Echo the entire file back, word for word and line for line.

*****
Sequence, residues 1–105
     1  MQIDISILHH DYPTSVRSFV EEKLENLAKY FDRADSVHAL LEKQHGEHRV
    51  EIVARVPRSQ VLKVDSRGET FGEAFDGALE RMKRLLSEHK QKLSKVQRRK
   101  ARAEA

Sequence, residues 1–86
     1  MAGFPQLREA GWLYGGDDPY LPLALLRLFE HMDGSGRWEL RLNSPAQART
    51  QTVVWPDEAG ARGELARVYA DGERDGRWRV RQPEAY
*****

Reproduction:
Sequence, residues 1–105
     1  MQIDISILHH DYPTSVRSFV EEKLENLAKY FDRADSVHAL LEKQHGEHRV
    51  EIVARVPRSQ VLKVDSRGET FGEAFDGALE RMKRLLSEHK QKLSKVQRRK
   101  ARAEA

Sequence, residues 1–86
     1  MAGFPQLREA GWLYGGDDPY LPLALLRLFE HMDGSGRWEL RLNSPAQART
    51  QTVVWPDEAG ARGELARVYA DGERDGRWRV RQPEAY